There’s nothing I value more about what we’ve created at Foundry than the relationship I have with my partners. Brad, Jason, Ryan and I are not just business partners, but best friends. This relationship affects everything that we do at Foundry and I think shows in the way we run our firm and the way we work with the entrepreneurs in the Foundry portfolio.
It’s been an interesting transition over the years to get to this point and one that we’re constantly working on (we’ve often used an organizational consultant to help with this; we also spend a day a quarter off site to work on Foundry as a firm, the portfolio and our relationships with each other). We each have different strengths and weaknesses and over the years have done a great job of leveraging those to the betterment of our firm and the portfolio.
But I need to be honest about something – I’ve struggled over the years working in the shadow of Brad and its taken me a while not just to admit it (and that it bothered me) but ultimately to embrace it. Actually it feels good to write that down. Brad is a truly amazing human being and by an objective (and in my mind subjective) measure, an exceptional venture capitalist. He quite literally taught me the business of VC. And to the outside world he’s larger than life (I hear this from people all the time). And therein comes the shadow. It bothered me for a long time and I struggled with it for a while. We have a completely equal partnership at Foundry – in our ownership of the firm, in our decision making, in how we work across the portfolio. But Brad is everywhere (writing books, blogging, on twitter, speaking) and for a long time I felt like I was in a race to keep up (which, let’s face it, isn’t even remotely possible).
It was a breakfast I had a few years ago with Brad Burnham that really impacted my thinking about this. I asked him about this dynamic in the Union Square Ventures partnership and he essentially said: Fred does his thing; I do mine. It’s complementary, not competitive. I suppose this should have been obvious to me and to some extent I’m sure I already knew it. But hearing it from Brad Burnham directly and forcefully really caused me to stop and think about it more deeply. What I was looking for was really just the ability to be at peace with the various roles we each play at Foundry generally and specifically my own role. And really my own role as an absolute, not as compared to my partners. It was a powerful discovery for me but one that has been incredibly important in how I think about the future of Foundry.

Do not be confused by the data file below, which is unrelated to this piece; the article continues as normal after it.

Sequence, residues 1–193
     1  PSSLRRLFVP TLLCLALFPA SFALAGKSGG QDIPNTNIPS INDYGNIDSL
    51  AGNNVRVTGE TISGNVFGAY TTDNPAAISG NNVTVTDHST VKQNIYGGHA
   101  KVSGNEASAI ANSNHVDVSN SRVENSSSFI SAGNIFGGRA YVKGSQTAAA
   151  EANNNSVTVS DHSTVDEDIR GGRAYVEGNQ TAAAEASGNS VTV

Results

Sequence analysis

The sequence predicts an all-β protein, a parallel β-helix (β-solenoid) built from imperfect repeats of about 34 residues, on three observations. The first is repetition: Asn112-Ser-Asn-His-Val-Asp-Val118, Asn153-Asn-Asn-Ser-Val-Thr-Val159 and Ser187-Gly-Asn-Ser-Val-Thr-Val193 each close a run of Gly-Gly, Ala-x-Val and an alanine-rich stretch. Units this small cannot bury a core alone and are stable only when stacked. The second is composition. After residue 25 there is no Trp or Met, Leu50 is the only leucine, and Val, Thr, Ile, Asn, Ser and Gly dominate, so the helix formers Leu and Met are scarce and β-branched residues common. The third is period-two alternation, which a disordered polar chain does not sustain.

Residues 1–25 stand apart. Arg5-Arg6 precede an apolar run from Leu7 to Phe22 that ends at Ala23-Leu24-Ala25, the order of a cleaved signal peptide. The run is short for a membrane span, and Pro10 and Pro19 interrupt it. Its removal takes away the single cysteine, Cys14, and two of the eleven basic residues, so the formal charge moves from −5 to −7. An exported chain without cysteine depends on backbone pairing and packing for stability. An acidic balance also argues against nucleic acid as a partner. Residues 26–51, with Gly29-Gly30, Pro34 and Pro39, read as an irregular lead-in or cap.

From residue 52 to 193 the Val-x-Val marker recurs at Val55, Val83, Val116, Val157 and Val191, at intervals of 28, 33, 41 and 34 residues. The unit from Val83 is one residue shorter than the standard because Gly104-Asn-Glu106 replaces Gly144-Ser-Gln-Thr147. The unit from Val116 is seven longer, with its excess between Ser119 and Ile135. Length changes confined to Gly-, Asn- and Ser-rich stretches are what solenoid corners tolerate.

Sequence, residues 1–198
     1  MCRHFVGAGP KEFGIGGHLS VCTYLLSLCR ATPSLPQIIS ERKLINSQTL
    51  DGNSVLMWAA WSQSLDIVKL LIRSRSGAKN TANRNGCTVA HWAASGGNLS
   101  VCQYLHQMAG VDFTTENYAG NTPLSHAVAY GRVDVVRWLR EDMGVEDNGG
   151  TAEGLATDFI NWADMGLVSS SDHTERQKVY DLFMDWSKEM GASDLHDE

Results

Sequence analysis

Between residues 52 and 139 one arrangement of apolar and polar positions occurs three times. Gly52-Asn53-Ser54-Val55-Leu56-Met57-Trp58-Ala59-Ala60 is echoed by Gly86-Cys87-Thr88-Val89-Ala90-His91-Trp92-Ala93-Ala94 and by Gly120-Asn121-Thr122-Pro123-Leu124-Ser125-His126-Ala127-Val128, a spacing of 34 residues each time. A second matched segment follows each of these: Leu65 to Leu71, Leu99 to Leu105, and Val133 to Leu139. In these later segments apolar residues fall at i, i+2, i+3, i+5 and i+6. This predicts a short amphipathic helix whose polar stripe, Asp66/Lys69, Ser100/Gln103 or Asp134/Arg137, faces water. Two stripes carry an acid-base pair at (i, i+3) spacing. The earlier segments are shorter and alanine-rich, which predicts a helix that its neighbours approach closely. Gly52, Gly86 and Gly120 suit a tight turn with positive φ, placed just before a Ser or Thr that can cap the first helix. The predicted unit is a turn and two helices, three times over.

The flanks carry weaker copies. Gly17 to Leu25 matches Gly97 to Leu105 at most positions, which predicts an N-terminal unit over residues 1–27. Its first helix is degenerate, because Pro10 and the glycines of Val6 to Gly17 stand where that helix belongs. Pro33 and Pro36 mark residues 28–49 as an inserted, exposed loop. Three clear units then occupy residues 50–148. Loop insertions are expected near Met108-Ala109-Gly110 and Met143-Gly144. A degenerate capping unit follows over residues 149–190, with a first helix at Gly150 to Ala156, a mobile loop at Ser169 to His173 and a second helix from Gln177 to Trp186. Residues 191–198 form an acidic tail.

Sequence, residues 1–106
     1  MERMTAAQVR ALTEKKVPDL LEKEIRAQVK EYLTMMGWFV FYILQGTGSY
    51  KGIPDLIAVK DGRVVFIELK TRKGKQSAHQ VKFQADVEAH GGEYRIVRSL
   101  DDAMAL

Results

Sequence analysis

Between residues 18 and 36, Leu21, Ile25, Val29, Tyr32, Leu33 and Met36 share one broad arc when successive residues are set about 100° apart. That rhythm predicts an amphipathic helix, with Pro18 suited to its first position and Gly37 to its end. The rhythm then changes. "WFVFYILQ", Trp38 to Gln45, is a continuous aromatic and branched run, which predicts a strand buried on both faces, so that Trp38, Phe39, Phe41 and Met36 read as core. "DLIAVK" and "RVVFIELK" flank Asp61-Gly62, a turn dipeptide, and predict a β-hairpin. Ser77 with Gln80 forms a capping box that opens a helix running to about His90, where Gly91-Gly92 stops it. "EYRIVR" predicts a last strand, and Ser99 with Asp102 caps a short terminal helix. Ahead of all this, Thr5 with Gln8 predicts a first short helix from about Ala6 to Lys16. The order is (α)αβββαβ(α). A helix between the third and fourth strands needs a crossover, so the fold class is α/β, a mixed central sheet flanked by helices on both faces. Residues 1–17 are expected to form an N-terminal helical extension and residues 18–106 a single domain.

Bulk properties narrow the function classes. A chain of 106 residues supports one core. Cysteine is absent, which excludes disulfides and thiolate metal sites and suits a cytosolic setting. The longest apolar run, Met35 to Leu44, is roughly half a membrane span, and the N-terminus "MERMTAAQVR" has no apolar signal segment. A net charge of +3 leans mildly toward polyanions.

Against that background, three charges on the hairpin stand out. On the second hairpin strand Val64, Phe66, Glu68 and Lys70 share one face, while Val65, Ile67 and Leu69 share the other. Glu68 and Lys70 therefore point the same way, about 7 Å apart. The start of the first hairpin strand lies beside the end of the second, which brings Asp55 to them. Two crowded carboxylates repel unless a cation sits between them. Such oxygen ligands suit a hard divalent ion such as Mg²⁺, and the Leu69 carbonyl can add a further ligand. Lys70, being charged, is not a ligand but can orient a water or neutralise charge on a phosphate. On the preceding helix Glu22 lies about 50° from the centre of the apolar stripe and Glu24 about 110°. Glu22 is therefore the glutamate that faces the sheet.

It was actually with much of this in mind that I asked Brad to join me on a trip to Minneapolis. I’ve long had a love for the Twin Cities (I went to college there and have been on the LeadPages board now for several years in Minneapolis). The trip was really about introducing Brad to the Twin Cities startup community (as well to visit the Techstars Retail program). The highlight was a Beta.MN event that featured me interviewing Brad. It was a great way for the community to get to know him and I loved the chance to be the guide (but not the focus) of the event. In preparing for it I thought a lot about Brad, our long relationship, our respective roles in Foundry and how we are viewed externally. For me it was a real embrace of the conversation that Brad Burnham and I had had years earlier. I even got to ask Brad a few questions that I had long had in my head, but that we’d never really talked about together (for example see 4:23 in the final video, something that we later talked about at length on our trip home). The videos can be found on Tech.MN here. It was a wonderful experience.